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MAYOR: Changes Sought in Plan for Beverly Hills : Beverly Hills 'Turmoil' Concerns New Mayor

April 18, 1985|JOHN L. MITCHELL | Times Staff Writer

In an effort to reduce political turmoil over commercial and residential development in the city of Beverly Hills, newly selected Mayor Edward I. Brown has called for changes in the city's General Plan to reflect a greater "consensus of the citizens' views."

Brown proposed the change in his inaugural address Tuesday night after the council's vote to appoint him mayor, replacing Annabelle Heiferman, whose one-year term expired. Charlotte Spadaro was named vice mayor.

Before listing his priorities for the coming year, Brown said the council was "deeply concerned over the fact that in the past few years almost every development-related issue has found its way to the City Council where it has become one more in a series of polarizing issues.

'Two Recurring Themes'

"There seems to be in this turmoil two recurring themes. First, our present General Plan which was formulated some 10 years ago and the ordinances which we have adopted to back up this plan do not seem to be working, and second, the community continues to demonstrate an ongoing, passionate, deep concern and involvement in the type of city we will leave our children."

In Beverly Hills, the mayor fills a largely ceremonial position, representing the city at important functions and chairing council meetings.

Last year, Heiferman began her year as mayor with a call for a referendum to settle the longstanding dispute over the development of hotels in the city's business district. The November referendum--the most expensive in the city's history--divided the city over the issue of development and was overwhelmingly defeated.

Opposed Referendum

Brown supported the decision to build hotels but opposed the use of a referendum to decide the matter. He said Tuesday that "what is needed is a readjustment of the General Plan which reflects a consensus of our citizens' " viewpoints.

The city's General Plan sets goals, objectives and policies in such areas as housing and commercial development, traffic circulation, noise and seismic safety, and the acquisition of park lands.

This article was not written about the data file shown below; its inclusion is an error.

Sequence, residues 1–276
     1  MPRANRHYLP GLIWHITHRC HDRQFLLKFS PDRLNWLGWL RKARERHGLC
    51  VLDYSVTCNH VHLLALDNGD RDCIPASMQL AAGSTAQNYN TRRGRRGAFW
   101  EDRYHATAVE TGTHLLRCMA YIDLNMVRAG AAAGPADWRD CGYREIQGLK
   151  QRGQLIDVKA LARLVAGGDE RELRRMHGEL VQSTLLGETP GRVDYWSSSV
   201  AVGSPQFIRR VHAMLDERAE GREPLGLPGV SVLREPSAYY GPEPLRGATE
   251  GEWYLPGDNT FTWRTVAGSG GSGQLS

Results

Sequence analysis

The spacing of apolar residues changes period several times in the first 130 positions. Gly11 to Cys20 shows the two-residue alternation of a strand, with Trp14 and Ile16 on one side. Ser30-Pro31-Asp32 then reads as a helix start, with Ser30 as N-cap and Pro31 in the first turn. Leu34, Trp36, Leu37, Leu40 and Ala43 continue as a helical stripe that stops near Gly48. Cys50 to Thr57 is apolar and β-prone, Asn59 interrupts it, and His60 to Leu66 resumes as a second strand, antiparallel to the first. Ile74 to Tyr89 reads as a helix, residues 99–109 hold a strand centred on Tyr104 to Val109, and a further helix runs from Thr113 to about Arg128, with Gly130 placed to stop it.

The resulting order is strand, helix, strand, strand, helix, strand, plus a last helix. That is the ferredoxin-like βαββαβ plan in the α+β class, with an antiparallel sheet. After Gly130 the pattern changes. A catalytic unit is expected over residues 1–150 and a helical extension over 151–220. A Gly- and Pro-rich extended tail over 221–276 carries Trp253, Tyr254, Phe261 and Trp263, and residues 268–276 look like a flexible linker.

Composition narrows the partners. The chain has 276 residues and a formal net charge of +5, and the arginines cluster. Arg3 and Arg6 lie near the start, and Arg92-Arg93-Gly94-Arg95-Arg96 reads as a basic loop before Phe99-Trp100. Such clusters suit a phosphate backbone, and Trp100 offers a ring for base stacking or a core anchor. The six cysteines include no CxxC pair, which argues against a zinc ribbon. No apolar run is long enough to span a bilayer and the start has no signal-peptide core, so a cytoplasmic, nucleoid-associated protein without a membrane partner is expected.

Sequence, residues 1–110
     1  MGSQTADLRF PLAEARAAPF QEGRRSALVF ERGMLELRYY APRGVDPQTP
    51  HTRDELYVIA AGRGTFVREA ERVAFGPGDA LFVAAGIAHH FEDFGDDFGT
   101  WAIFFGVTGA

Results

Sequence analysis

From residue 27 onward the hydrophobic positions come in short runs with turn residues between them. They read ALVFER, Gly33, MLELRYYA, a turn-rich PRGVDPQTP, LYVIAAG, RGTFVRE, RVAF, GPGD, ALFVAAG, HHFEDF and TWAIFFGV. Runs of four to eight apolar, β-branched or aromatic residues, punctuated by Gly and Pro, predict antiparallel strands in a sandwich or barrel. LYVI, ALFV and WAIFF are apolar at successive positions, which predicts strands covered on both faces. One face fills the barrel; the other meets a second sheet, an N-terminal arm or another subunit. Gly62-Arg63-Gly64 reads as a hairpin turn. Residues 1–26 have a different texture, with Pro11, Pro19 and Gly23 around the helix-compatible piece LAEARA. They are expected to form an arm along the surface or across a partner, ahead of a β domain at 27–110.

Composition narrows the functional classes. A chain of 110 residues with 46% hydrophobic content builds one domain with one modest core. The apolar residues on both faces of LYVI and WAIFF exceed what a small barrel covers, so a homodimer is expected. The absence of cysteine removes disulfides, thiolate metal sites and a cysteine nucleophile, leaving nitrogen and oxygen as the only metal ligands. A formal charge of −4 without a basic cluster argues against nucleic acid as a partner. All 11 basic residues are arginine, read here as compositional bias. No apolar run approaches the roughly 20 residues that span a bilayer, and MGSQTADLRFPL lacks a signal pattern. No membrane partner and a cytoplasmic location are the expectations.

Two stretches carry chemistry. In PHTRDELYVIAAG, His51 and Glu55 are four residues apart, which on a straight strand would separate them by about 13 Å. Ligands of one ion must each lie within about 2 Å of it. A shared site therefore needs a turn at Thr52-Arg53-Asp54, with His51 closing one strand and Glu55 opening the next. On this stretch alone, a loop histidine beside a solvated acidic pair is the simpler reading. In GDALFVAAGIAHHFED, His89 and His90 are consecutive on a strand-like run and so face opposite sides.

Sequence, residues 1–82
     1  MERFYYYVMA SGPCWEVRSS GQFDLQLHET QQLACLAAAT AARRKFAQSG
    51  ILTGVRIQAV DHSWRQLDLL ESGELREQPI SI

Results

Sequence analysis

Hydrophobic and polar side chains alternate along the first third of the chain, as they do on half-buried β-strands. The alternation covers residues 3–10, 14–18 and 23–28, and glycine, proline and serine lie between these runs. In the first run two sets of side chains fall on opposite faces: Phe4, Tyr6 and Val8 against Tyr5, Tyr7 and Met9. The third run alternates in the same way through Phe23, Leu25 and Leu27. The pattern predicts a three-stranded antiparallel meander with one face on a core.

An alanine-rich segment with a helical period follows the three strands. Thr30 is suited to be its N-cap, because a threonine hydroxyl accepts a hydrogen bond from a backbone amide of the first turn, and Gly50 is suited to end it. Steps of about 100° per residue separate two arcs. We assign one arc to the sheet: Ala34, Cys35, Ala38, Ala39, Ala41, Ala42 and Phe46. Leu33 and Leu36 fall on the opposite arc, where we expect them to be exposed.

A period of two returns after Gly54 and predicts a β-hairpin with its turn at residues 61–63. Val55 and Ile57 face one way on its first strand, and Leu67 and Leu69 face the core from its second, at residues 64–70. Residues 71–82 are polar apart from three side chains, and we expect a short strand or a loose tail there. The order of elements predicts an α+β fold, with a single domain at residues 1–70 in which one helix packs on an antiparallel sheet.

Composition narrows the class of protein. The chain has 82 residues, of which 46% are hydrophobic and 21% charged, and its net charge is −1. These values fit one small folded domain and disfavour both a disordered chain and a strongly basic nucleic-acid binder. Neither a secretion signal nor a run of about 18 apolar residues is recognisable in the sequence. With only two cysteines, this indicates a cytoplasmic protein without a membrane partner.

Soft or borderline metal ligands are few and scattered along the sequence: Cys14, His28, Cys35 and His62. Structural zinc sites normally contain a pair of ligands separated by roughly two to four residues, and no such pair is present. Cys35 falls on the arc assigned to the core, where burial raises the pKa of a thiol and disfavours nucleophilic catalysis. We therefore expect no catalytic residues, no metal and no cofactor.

Brown's proposal called for the immediate formation of neighborhood committees to determine what they consider a "livable solution" for their areas. Each committee, he said, would be made up of residents, businessmen and developers. A central committee would mediate conflicts.

Reaction to Brown's announcement was favorable. Councilman Benjamin Stansbury called it "the year of the plan."

'Times Have Changed'

"Timely adjustments are appropriate," Stansbury said. "Times have changed, tax laws have changed, all sorts of laws have changed and people change. For example, 10 years ago the hottest thing to build was a condo. Now they are not selling."

"He is looking for a consensus, not a battle," City Planning Director Irwin Kaplan said. "I think that is a very courageous thing to do."

Even longtime development critic Betty Harris said that "some revision of the plan was in order," but she disagreed with Brown's plan to use neighborhood committees. She said what happens in one part of town effects the entire community. "If not, why don't we have council members representing each area of the city?" she asked.

In addition to his call for a revision of the General Plan, Brown said he wanted to see financial studies on the impact of future development on the city and asked for greater financial support for police programs, parks and street beautification. Brown, who has served on the council since 1978, was first selected to be mayor in 1980-81. There have been 31 mayors in the city's history.

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